(Reuters) – U.S. service sector activity continued to recover in August for the second consecutive month amid rising orders and a strong job market, as pressures on the Supply and prices have eased, rekindling hopes that the economy has not slipped into recession despite lower production.
The Institute for Supply Management (ISM) monthly survey, released on Tuesday, shows the services index advanced last month to 56.9, the second consecutive rise after three months of decline. In July, the index stood at 56.7.
Economists polled by Reuters predicted an average figure for August of 54.9, the 50 mark separating growth and contraction in activity.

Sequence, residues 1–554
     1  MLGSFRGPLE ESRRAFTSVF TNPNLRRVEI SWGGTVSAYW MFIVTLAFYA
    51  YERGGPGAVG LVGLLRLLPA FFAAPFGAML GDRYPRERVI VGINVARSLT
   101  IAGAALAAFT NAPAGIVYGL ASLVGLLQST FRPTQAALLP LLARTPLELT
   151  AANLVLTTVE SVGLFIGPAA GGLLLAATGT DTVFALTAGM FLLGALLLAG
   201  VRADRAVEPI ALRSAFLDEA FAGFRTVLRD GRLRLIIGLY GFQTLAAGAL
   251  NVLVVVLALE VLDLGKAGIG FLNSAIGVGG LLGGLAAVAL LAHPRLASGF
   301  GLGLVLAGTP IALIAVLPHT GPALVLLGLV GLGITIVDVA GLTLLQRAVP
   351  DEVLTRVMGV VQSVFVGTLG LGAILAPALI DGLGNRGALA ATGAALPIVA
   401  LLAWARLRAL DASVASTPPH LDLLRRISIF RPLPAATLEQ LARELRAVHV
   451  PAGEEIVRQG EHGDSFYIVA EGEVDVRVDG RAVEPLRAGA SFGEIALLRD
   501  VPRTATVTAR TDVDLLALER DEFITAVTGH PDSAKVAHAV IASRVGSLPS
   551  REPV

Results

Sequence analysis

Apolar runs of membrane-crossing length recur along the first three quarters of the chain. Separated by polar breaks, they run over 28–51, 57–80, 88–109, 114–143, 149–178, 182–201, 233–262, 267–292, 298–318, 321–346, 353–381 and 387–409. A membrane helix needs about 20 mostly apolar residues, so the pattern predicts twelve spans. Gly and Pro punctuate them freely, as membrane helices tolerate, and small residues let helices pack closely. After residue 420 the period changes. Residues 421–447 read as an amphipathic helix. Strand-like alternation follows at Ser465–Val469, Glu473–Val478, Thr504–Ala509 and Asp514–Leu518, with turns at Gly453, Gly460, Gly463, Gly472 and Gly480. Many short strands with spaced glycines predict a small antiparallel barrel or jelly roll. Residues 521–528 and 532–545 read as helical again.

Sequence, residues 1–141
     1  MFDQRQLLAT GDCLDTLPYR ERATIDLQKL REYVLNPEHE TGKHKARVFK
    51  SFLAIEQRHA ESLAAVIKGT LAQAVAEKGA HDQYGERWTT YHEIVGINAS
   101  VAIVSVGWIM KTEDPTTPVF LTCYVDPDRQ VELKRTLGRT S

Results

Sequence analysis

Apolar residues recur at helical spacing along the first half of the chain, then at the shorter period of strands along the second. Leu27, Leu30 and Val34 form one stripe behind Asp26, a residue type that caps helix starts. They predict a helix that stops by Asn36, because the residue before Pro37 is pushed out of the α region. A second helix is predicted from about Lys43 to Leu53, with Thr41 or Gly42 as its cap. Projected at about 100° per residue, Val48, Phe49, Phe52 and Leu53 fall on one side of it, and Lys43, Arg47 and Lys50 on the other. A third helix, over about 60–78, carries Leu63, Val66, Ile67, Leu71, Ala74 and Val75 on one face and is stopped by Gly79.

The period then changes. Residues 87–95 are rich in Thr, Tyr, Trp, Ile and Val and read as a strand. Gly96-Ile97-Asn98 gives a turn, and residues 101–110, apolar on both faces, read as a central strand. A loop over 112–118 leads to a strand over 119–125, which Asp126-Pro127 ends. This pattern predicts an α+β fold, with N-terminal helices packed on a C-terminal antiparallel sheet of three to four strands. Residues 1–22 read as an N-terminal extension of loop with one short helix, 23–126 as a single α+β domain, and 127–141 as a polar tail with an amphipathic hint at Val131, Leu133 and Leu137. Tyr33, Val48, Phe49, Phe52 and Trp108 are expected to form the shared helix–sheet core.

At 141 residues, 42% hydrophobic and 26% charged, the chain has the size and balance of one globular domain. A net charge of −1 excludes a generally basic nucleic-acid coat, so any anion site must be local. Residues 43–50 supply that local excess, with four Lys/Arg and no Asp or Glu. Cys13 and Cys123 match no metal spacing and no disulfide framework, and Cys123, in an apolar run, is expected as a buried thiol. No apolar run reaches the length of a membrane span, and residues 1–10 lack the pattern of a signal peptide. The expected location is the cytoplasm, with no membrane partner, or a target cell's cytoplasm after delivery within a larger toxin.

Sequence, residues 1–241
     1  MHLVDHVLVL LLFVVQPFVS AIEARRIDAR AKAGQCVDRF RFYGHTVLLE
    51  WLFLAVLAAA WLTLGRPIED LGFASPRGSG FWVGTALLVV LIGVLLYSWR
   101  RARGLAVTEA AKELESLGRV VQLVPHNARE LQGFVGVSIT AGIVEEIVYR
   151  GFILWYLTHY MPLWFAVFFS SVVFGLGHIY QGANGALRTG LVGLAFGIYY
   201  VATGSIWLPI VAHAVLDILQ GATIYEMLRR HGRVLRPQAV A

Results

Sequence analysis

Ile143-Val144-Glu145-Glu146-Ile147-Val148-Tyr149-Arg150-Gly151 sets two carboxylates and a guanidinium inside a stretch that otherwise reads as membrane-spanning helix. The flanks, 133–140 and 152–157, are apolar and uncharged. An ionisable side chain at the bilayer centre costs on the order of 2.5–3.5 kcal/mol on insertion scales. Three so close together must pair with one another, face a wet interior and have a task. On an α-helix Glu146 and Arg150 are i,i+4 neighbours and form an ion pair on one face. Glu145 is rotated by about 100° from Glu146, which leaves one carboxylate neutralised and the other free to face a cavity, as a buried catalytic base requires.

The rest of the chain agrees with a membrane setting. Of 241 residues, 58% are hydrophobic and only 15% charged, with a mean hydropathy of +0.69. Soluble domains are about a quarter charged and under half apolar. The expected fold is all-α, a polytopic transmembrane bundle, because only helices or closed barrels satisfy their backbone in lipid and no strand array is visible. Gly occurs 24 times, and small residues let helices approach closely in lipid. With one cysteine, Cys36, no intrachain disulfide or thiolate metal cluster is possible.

Last week, another survey showed that manufacturing activity in the United States remained stable in August at 52.8 while the consensus expected a slowdown to 52.0, a further sign that the economy is not not in recession.
The sub-index for new orders received by service companies jumped to 61.8 from 59.9 in July. That of employment recovered to 50.2 after contracting to 49.1 in July.
The sub-index of prices paid by businesses, for its part, fell to 71.5, the lowest level since January 2021, after 72.3 in July.
(Report Lindsay Dunsmuir; French version Claude Chendjou, edited by Sophie Louet)
Copyright © 2022 Thomson Reuters